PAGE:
Chopstick Etiquette: 8 Golden Rules

Chopstick Etiquette
Use chopsticks to eat noodles, rice, and sushi, but avoid playing with them in a restaurant. Respect chopstick etiquette, such as not pointing with them, and be aware of cultural customs, like not passing food or putting chopsticks upright in rice.

1. Chopstick 101

Chopsticks are eating utensils used to eat in many East Asian countries. They are made from different materials, like plastic, metal, and bamboo. They consist of two sticks. One is kept still, and the other is moved to pinch food.

Japanese chopsticks are the shortest since they usually don’t share food. They are also rounded and pointed to make it easier to remove fish bones. Korean chopsticks are medium and made out of metal. You need less material to make them since they are flat. While Chinese chopsticks are the longest and have blunt ends, which makes it easier to pick up big items.

2. How To Hold Chopsticks

Holding chopstick correctly
Holding chopstick correctly

Practice these steps to learn how to use a pair of chopsticks:

  1. Have your hand tilted downwards to hold it properly.
  2. Hold one chopstick between the base of your thumb and the side of your ring fingernail.
  3. The other chopstick will go between the side of your middle finger nail and your index finger. It should also be on the tip of your thumb.
  4. You will move the latter one with your two fingers up and down.
  5. Keep your thumb straight and still.

Both right-handed and left-handed people can follow the same steps with their dominant hand.

3. Eating with Chopsticks

man eating noodles with chopsticks
Man eating noodles with chopsticks

To eat noodles, pick them up with the chopsticks and slurp them. Don’t eat noodles and meat or vegetables in the same bite. Eat one, then the other. You can use your chopsticks to bring the ends of long noodles into your mouth.

Chopsticks will be tilted to the side and serve as a spoon when eating rice. Get the chopsticks under a clump of sticky rice, and bring them together. Then, bring them to your mouth. You can use your free hand to bring the rice bowl closer to your mouth.

You can also eat sushi with chopsticks. Just pick it up, dip it in soy sauce, and eat.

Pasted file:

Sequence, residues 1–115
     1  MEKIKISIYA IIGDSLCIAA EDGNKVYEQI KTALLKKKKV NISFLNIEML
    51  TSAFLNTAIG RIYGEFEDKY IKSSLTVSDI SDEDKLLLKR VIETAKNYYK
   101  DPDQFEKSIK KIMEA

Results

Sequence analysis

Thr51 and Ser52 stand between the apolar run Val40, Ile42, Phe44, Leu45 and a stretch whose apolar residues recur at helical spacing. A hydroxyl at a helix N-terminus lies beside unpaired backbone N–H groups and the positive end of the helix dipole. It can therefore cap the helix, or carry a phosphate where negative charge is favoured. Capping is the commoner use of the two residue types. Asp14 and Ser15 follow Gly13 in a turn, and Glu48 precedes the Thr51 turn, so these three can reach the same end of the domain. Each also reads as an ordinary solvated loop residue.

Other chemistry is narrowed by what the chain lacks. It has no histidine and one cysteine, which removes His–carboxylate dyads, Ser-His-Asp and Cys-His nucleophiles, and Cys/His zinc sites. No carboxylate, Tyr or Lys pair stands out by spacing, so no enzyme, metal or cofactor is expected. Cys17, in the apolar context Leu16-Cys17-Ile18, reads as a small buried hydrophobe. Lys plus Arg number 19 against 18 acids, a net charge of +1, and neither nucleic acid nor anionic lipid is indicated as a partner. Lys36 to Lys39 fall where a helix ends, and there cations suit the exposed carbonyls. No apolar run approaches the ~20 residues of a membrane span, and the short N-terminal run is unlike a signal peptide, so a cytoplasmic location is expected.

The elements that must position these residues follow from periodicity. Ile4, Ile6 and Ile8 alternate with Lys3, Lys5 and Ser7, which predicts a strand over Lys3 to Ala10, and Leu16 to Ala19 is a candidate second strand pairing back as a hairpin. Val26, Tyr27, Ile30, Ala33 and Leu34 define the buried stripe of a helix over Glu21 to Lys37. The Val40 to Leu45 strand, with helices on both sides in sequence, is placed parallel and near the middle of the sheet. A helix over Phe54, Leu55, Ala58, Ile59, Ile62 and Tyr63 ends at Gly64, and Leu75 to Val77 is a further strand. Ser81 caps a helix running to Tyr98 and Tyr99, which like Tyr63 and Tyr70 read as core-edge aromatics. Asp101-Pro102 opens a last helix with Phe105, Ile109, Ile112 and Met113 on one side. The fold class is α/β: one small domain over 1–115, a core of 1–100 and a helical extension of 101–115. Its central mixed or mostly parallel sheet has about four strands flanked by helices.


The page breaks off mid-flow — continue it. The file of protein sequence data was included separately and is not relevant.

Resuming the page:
Fun fact: Initially, sushi was finger food. People used to eat it with their hands.

4. Sharing Food

Don’t pass food from one pair of chopsticks to another in Japan. Use another pair of chopsticks or the other end of yours.

Japanese culture has the tradition of passing the bones of the deceased from chopstick to chopstick. So don’t use them to move the dishes as well.

5. Where To Place Chopsticks

Use a chopstick holder called a hashi-oki. If you only have disposable chopsticks, use the packaging as a substitute.

If you don’t have any chopstick rest alternatives, place them parallel on top of your plate. Never place crossed chopsticks on top of your plate. This is a death symbol in Japan.

Also, don’t point with your chopsticks, even when you set them on the plate. This is impolite in Japan and China since pointing at someone is bad manners, whether with a finger or a chopstick.

Don’t put chopsticks upright in a bowl of rice in Japan. A rice bowl like this is used as an offering to the deceased in Japanese funerals. So it would be inconvenient in another context. People also think it brings bad luck.

6. Chopsticks in a Restaurant

Remember that chopsticks aren’t a toy or a drumstick, so playing with them in a restaurant setting is a no-no. If you stab your food with chopsticks, people will assume you don’t think the food is cooked well. Don’t wave them. Just pick a dish and eat. After that, rest your chopstick.

Don’t sleep on chopstick etiquette, especially at a date or a Japanese business dinner. Don’t rub them against each other, as Japanese people will assume you think they’re cheap chopsticks and you are rubbing them to eliminate splinters.

7. When Not To Use a Chopstick

If you aren’t good with chopsticks or they won’t work for a specific plate, it is completely acceptable to ask for one. Most Korean restaurants will give you a spoon already, but you will probably have to ask if you need other eating utensils in other countries.

Try to ask for a fork or spoon in the local language. This is more respectful since it shows your consideration of their culture if you can’t make hand gestures or ask for someone who speaks your language.

8. Chopstick Hygiene

Don’t use your chopsticks to pass food or eat from shared dishes. This is unhygienic. Don’t hold them in your mouth. Aside from being unsanitary, it is also dangerous. You also shouldn’t bite, suck, or lick your chopsticks.

You should clean wooden chopsticks by soaking them in water. Use lukewarm water for other types of chopsticks. Throw them away if they have a crack.

Ana C.

Ana C. is an artistic writer who loves shaping language around her message. For her, etiquette is about respecting everyone and spreading kindness. She loves hanging out with goats, analyzing TV shows, and eating feijoada with farofa.

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